Walking down  the street in New Jersey right now--you practically have to swim down the street!  Its pretty awful.   Thank G-d for air conditioning!  I don't know what I'd do without it.   And we aren't even into the worst high heat of the summer--that won't come until the end of July or the beginning of August, where the temperatures on the Jersey Shore, where I live, will regularly break a hundred degrees.

In any case.   I made and posted a new video--this one is about a great American idiom:  "Second nature".  The idiom "second nature" as in "its second nature to him" means it comes easily, it comes naturally, he does it easily and naturally and without difficulty.  Check out the video here:

All right?  All right.  I hope you find this idiom useful in your daily speech; its a very common one that Americans use pretty constantly.

Also remember that I have an American Idiom of the Day twitter feed and David Berlin's American Accent and ESL Training webpage if you are interested in taking ESL or accent reduction lessons.   You can call me at (732) 807-5424 to discuss or hit me up on Skype at -- I am always happy to work with international students.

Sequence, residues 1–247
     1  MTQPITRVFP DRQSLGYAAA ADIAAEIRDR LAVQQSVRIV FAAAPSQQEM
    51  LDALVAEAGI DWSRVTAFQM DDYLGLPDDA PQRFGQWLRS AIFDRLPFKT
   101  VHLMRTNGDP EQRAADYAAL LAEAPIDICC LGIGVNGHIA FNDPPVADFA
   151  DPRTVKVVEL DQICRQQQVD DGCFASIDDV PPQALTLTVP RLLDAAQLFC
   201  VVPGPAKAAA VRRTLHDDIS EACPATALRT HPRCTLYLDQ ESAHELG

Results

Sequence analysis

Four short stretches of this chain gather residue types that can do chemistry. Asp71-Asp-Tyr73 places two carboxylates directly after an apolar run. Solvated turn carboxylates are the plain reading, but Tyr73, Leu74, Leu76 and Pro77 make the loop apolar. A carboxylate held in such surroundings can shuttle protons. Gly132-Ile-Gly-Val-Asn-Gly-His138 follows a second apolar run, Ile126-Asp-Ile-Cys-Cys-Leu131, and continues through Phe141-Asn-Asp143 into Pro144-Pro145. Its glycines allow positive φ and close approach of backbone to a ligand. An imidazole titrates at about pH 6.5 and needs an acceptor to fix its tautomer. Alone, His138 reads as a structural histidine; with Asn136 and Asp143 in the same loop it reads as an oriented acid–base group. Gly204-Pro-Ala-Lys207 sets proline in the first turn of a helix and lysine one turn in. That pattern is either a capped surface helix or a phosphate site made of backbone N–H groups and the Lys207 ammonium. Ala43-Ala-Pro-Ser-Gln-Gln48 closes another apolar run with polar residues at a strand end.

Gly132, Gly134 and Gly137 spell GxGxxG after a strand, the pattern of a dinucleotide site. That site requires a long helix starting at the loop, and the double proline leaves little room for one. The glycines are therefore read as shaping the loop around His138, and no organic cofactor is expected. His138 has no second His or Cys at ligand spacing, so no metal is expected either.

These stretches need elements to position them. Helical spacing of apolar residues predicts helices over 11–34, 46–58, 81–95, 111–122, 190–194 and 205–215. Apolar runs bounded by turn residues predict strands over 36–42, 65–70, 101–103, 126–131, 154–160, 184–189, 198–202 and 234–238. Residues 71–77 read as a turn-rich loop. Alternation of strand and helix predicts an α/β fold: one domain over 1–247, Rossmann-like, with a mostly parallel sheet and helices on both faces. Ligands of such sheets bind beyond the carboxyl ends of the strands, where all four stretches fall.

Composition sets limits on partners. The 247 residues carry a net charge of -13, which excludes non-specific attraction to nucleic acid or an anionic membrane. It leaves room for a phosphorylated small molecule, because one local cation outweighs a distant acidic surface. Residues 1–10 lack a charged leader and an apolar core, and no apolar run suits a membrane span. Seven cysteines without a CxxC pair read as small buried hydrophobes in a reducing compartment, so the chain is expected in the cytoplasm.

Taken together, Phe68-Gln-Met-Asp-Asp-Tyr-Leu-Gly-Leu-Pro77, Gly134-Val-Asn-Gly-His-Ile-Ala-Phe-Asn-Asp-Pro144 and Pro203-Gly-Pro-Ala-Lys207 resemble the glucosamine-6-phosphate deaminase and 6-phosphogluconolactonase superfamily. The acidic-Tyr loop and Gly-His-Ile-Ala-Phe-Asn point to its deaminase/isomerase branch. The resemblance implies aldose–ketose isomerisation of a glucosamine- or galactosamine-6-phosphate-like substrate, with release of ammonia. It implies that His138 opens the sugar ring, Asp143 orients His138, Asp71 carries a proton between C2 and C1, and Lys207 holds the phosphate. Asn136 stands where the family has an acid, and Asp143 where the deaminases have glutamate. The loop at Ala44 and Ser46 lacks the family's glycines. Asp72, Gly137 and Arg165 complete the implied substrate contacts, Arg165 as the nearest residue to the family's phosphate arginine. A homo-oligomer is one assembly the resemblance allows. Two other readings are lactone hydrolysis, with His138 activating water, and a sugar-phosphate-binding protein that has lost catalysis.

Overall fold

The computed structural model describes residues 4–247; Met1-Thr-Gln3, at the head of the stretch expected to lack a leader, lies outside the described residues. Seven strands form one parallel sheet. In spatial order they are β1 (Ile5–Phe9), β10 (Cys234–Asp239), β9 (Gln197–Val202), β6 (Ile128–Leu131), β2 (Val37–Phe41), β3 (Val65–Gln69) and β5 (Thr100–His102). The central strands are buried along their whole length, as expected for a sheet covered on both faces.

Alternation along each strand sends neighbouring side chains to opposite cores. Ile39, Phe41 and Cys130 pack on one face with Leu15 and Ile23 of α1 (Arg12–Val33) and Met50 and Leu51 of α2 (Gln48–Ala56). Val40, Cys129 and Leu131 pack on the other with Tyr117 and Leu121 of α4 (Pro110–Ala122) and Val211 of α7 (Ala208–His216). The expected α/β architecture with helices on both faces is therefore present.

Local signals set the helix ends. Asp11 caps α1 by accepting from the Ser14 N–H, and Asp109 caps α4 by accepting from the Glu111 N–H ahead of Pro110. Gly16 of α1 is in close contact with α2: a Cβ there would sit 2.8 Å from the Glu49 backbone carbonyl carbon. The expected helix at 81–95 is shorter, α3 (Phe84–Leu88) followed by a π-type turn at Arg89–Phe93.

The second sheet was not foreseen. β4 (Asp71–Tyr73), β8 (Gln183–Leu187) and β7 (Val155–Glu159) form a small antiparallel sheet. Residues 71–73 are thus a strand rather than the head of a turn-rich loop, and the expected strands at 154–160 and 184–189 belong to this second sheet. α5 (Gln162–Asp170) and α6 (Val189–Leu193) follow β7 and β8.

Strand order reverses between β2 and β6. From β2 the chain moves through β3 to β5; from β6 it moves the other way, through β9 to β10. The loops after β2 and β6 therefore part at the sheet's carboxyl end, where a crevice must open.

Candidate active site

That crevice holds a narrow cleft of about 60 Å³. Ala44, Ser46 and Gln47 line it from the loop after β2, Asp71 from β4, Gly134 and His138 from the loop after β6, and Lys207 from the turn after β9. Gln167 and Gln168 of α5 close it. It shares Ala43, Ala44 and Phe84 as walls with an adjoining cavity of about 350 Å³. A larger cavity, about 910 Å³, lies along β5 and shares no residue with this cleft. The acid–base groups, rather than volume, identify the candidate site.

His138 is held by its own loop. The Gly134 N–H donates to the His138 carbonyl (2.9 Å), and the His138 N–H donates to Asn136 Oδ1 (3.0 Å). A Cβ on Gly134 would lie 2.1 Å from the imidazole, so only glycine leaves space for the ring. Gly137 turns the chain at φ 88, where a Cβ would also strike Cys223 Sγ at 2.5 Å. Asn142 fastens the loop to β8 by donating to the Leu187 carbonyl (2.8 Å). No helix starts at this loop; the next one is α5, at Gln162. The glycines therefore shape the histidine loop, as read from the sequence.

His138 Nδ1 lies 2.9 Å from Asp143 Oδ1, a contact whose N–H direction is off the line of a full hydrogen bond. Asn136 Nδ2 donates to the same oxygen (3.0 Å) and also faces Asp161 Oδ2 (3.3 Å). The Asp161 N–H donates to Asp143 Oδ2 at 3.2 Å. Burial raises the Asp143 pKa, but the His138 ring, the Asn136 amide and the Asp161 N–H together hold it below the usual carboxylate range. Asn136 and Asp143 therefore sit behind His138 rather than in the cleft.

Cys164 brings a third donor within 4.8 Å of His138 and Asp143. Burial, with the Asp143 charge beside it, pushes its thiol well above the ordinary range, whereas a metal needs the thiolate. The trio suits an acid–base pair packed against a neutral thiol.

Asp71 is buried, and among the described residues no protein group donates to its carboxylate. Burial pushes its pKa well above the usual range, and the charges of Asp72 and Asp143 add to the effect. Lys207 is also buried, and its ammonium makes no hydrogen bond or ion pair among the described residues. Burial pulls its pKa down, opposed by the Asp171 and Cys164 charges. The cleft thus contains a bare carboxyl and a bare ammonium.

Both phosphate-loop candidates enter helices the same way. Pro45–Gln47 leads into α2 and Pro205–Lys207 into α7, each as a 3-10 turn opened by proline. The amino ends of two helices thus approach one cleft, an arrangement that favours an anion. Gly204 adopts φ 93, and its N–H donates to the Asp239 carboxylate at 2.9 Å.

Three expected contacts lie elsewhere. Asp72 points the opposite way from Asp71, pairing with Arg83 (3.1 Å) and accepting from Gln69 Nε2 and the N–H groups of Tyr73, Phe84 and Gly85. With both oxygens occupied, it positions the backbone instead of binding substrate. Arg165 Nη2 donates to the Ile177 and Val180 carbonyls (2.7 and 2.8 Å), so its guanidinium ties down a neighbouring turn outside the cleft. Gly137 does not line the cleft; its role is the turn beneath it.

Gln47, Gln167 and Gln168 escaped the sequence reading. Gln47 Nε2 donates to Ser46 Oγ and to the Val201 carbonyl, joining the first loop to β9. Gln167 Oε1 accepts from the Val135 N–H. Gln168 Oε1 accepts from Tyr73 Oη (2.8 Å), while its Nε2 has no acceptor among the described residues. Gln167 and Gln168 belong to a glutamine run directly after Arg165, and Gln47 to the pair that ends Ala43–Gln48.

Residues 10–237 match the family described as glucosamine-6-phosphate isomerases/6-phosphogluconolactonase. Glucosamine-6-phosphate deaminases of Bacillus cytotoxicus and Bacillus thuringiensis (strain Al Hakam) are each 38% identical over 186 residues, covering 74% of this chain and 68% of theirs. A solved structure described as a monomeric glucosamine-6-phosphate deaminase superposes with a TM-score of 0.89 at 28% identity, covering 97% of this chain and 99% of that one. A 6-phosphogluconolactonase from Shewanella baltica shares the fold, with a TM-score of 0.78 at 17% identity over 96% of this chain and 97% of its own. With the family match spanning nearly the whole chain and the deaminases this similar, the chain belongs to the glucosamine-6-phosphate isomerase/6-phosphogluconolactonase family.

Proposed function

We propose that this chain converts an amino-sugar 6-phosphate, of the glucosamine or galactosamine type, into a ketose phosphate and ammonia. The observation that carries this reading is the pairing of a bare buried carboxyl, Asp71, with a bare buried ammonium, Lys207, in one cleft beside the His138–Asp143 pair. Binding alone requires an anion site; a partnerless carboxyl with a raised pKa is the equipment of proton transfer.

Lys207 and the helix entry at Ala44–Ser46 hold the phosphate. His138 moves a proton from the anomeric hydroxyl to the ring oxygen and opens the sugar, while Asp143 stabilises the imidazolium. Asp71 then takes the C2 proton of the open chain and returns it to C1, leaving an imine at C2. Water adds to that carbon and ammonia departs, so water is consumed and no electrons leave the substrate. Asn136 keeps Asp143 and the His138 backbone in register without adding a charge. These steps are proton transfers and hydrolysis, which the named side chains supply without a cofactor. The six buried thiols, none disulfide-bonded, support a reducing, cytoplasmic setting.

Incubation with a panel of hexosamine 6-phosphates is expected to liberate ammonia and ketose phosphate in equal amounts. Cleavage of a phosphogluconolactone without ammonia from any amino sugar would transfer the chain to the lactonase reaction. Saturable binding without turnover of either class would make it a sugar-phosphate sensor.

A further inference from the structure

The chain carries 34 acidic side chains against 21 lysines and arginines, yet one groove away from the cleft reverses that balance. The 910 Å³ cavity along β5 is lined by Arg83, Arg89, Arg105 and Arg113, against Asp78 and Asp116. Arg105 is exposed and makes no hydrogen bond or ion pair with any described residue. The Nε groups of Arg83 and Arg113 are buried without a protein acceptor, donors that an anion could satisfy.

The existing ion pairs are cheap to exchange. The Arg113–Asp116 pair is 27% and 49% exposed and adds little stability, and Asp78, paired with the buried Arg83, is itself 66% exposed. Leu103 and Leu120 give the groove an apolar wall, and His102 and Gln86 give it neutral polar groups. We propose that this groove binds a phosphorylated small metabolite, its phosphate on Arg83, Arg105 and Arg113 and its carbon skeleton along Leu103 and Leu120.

Okay?  okay.  Have a great summer, take it easy, this is your friendly neighborhood ESL and accent reduction tutor, David Berlin, SIGNING OFF--see ya!

Wednesday, May 24, 2017

And Now Its The Beginning Of Another Summer!

Wow!  And now its the beginning of another summer!  Been a long time since I updated this blog.

Things are great down here at the Jersey Shore.   Its almost Memorial Day.   Memorial Day honors American soldiers, sailors, airmen, and Marines who have died defending this country.   (Veteran's Day, which is November 11th, honors ALL American Veterans.)

People are starting to think about barbecuing.  I've talked about barbecuing, baseball, and American culture in previous blog posts, and as always, if you have questions about baseball and how its played, or how to best respond to an invitation  to a barbecue from an American friend, give me a call at (732) 807-5424 or hit me up on Skype at and we'll figure it out.

Now in previous posts I've talked about garage sales and lemonade stands.  Another interesting part of American culture is street festivals.  In New Jersey, we are famous for street festivals--all you have to do is google the words, "street festivals NJ" and you'll get plenty of listings.  A street festival is when a town or municipality shuts down the main streets in the town and hires food vendors and art and craft vendors and all kinds of vendors to come in---some sell novelties, t-shirts, umbrellas, all kinds of things.